2002: Discovering alternative music on the WinMX filesharing client
The unthinkable happened sometime in 2001, when Napster got taken offline. It was my lifeline for ‘good’ music, as I was in my teens and figuring out what I liked and didn’t like. I came across a fairly obscure rework of “Tom’s Diner” by Kenny Blake on MTV Partyzone, and loved it. Napster hooked me up with a downloadable version, and it’s a tune I’ve listened to off and on for almost 2 decades since.
WinMX: click for full size image
When Napster went down, there was no BitTorrent or Megaupload to take its place. P2P was the only way to be able to download music on the Internet back then. It would be a year or so before I discovered WinMX. I remember having no choice but to try my luck at various shady-looking “free MP3 download” sites, where clicking on a song’s download link would take you to yet another unscrupulous site, with another link to click. Sometimes you’d get lucky and nab the full song. I think I picked up a few 2pac tunes this way.
Other times, you’d be asked to download a scary looking .exe file that did god knows what if you opened it. But the worst of them by far were the links that would be a legitimate MP3, but when you played it back, it would only have the first verse and chorus, which would be looped enough times to match the original song’s length. Absolutely infuriating when you consider that a song took 30 mins to download over dial-up, assuming no breaks in the connection.
Once WinMX arrived though, my tastes had changed. I’d been listening to trip-hop, dance and alternative, and by late 2002 my searches were very different. Here are some of my favourite downloads during that time.
Click a song name to read the story behind the download
Underworld - Born Slippy (NUXX)
The pre-Youtube MP3 era for me was about 2 things: discovering new music, or downloading favourites from past years. I had completely forgotten about Born Slippy as the video had been doing the rounds on Channel V wayy back in 1996. At some point the opening keys were used in a commercial for the soap the Bold and the Beautiful, a staple of the daytime programming on Star Plus. At that point, I’d never heard anything but the radio edit of that song. In 2002, I saw the video for the single Two Months Off, and that reminded me to add NUXX to my small but growing library. I remember being puzzled by the 10-minute length of the full song; I didn’t need the 5-minute coda of drums, just ‘the good part’. A few years later in college, I’d grow to appreciate their full discography, and realize that the lengthy buildups were a crucial part of the group’s sound.
My Bloody Valentine - Honey Power
I had a scratchy CD rip of Loveless, and desperately wanted Isn’t Anything. WinMX had the whole discography, but my connections were always finicky and none of the IA stuff downloaded to completion. This one did however, and completely blew my mind. I wasn’t even aware of their EP material prior to discovering this. The distended guitar tone on this song perfectly bridges the Sonic Youth-y punk of IA with the arty gossamer guitars of Loveless.
Slowdive - Alison
My knowledge of shoegaze was pretty basic at the time, MBV and Slowdive seemed to be the most frequently dropped names in the scene. ‘Alison’ shows you why. This was the shoegaze sound I had heard so much about. It was warm, dreamy and comforting, with a haze of melancholic guitars that floated like a cloud above the slightly muffled vocals.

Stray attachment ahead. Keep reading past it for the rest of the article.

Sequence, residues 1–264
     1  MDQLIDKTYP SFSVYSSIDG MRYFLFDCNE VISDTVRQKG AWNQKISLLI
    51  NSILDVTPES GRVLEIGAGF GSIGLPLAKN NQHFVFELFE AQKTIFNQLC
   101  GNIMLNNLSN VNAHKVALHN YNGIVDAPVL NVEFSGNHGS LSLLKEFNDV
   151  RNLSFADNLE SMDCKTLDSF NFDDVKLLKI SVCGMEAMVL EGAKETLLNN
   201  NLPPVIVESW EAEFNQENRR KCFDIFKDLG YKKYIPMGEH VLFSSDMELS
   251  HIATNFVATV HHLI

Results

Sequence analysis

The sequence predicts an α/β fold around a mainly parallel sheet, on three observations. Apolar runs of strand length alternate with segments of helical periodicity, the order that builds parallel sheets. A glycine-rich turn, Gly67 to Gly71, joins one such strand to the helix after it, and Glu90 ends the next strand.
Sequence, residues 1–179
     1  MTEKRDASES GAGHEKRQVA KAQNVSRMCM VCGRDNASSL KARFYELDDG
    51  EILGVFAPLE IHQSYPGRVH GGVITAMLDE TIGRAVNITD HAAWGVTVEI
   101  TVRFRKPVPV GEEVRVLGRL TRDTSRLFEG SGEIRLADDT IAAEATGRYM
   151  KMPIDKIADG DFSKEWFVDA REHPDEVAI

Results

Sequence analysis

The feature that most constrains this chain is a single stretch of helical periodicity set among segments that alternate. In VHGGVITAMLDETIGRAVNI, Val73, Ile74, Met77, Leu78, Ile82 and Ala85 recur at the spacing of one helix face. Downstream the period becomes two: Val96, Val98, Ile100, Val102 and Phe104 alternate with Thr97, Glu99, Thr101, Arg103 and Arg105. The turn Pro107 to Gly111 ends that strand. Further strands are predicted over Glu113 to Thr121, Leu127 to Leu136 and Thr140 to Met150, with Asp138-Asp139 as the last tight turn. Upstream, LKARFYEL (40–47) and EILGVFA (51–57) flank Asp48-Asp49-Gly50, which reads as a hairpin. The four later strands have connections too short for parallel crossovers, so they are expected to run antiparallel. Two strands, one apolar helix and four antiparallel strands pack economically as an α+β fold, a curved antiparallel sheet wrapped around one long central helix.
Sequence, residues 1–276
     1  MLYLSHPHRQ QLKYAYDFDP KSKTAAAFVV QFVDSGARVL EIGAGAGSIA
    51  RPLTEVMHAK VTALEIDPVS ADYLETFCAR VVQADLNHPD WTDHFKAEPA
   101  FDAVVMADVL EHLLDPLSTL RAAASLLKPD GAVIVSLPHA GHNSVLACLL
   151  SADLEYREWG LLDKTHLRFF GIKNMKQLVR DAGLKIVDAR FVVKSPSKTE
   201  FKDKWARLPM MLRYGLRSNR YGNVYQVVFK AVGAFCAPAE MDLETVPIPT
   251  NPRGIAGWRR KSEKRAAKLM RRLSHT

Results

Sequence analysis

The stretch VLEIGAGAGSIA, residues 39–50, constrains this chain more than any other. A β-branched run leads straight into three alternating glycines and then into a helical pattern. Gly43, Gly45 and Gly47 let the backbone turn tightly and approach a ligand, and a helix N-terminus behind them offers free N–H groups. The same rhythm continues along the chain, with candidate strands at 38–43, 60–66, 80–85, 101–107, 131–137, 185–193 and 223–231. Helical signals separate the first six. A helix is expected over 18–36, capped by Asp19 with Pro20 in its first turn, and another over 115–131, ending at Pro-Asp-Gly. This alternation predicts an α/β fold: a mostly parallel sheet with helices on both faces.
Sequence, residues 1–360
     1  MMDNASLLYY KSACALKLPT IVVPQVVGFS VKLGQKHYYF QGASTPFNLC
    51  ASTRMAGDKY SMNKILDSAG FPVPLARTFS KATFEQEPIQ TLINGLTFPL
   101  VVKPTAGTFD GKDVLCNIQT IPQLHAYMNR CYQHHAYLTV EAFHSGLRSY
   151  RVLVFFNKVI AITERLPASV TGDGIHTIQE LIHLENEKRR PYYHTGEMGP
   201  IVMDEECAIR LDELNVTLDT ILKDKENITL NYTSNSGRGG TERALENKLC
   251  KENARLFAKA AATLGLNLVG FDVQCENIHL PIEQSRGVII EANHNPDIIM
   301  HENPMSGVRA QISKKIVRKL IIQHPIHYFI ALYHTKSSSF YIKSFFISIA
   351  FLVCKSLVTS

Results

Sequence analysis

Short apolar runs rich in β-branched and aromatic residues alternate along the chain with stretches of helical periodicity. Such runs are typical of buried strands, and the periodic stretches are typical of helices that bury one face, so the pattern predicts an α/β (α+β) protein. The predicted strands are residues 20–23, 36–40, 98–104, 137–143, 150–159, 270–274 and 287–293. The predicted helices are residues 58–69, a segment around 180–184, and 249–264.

Pixies - Sandy’s Bathroom (fake)
As I’ve mentioned, WinMX had a habit of exposing me to some of the stranger corners of a band’s discography. As it turns out though, this was not a Pixies song at all, much as the vocalist may have tried to sound like Frank Black. Who was it really by? I could never find out at the time. However as I write this, a search online points me to this 2004 message board thread posted by someone had downloaded the same MP3. It turns out that it was a real song by a band called My Diet Pill, for an album that came out in 2004. The MP3 was apparently doing the rounds online at least since 2003, when I stumbled across it.
The Jesus and Mary Chain
Kill Surf City
Next on the MBV RIYL list was the JAMC. Besides a few 30-second samples I’d heard on CDNow, I didn’t know much about them. KSC was a B-side from Barbed Wire Kisses, and wasn’t a great intro to the band. I wouldn’t fall head over heels in love with them until I borrowed a full copy of Psychocandy from a friend returning from abroad in summer 2003.
New Kind of Kick
Thanks to my janky dialup connection, nothing from Psychocandy would fully download. This one did however, and it’s one of their first songs that I remember really liking, particularly the distorted guitar jam after the second chorus. I thought the lyrics were dumb though, and had no idea that this was off of a 1998 Cramps tribute.
Down on Me / Nine Million Rainy Days
It’s spring 2003, and I still have not managed to successfully download a single song from Psychocandy. I do have ‘Down on Me’ from Darklands however, which I liked. Songs with depressing lyrics but upbeat guitars always do it for me. NMRD wasn’t as much fun.
TATU - Not Gonna Get Us
This song and the prior single “All the Things She Said” were everywhere in 2003. I think NGGU holds up better than the latter though.
Sonic Youth - Superstar
I watched this on one of my many late night sessions watching MTV Indonesia, a goldmine for alternative music, especially after midnight Jakarta time, which conveniently translated to 10PM in Dhaka. It was a non-album track; as a cover of the Carpenter’s song, it would appear on a tribute album in 1994. As a cover, it’s just OK; I like SY though and am aware that they’re huge Carpenters fans. It was a nice rarity to add to my collection.
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